• Break down planning into stages
    • Training for a small practice does not need to begin until 6 months prior to implementation
  • Review super bills and remove rarely used codes
  • Crosswalk common codes from ICD-9-CM to ICD-10-CM
    • Look up codes in ICD-10-CM book and use GEMs if


7 develop training plan
7. Develop Training Plan
  • Who needs training?
    • Physicians
    • Coders
    • Billing staff
    • Administrative staff
    • Clinical Staff
  • Required number of hours depends on their role
  • What resources are available?
7 develop training plan1
7. Develop Training Plan
  • Many organizations will have several mechanisms for training
    • Distance learning
    • Workshops
    • Conferences
    • Audio Conferences
    • Webinars
    • Books
  • Establish training schedule
7 develop training plan2
7. Develop Training Plan
  • Determine if temporary staff or overtime will be necessary during training period
  • What materials will the office need for ongoing support after training?
    • Books
    • Software (code look up programs)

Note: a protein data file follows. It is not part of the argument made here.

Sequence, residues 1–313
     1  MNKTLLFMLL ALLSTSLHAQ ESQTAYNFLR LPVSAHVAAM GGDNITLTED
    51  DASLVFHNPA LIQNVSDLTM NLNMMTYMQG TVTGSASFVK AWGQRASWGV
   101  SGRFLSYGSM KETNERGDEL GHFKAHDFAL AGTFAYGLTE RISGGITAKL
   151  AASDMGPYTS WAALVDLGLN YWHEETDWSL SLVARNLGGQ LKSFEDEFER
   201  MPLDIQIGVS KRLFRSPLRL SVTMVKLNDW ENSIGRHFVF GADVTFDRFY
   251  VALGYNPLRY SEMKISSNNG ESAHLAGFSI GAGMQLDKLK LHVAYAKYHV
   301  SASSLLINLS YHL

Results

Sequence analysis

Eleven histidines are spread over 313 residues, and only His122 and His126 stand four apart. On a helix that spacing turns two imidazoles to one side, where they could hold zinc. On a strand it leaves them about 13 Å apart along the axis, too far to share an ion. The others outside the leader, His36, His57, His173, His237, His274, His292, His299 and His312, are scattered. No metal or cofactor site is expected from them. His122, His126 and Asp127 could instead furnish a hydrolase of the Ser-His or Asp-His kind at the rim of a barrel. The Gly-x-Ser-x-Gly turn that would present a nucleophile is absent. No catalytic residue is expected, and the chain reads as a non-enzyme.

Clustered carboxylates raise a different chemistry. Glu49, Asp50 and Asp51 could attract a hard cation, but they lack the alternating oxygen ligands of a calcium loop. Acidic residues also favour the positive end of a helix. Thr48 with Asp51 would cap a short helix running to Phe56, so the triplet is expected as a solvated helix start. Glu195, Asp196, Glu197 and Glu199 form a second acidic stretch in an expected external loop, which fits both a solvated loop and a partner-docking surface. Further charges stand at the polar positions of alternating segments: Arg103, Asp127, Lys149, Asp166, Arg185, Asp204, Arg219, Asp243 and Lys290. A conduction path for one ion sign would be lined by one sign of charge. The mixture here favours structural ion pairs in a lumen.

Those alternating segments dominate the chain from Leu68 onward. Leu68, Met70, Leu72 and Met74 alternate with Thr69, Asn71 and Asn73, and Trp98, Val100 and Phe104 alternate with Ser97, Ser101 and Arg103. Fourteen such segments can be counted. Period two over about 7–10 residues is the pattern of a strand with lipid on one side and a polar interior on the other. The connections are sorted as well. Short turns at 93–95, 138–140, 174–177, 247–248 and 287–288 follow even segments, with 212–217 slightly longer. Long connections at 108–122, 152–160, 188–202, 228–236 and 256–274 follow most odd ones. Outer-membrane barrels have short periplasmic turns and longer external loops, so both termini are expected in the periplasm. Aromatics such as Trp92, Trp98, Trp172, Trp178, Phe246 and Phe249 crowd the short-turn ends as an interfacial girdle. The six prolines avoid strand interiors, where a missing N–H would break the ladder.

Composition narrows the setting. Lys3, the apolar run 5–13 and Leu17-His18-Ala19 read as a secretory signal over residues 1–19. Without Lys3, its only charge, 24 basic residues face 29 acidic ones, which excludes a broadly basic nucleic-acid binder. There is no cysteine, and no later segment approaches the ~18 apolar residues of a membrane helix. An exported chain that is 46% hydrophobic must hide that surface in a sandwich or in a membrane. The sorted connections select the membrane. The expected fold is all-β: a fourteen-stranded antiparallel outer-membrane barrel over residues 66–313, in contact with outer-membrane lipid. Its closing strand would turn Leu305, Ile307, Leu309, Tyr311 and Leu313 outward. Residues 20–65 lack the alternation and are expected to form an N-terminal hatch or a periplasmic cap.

• Other
8 analyze business processes
8. Analyze Business Processes
  • Identify all systems and processes that currently use ICD-9-CM
  • Review existing medical policies related to ICD-9-CM
  • Which contracts tied to reimbursement are tied to a particular diagnosis?
  • Modify any contract agreements with health plans
9 education and training
9. Education and Training
  • Education should begin approximately 6 months prior to implementation
  • Large practices may need to begin earlier to accommodate all staff who need training
  • Use various methods of training
  • Training time depends on their role
  • Physicians and coders/billers will need more training time than administrative staff
10 policy change development
10. Policy Change Development
  • After health plans complete and change medical policy for procedures and services a specialty provides
    • Review new payment policies
    • Identify opportunities to improve coding processes
    • Communicate policy changes to applicable staff
11 deployment of code
11. Deployment of Code
  • Vendor delivers software update with ICD-10-CM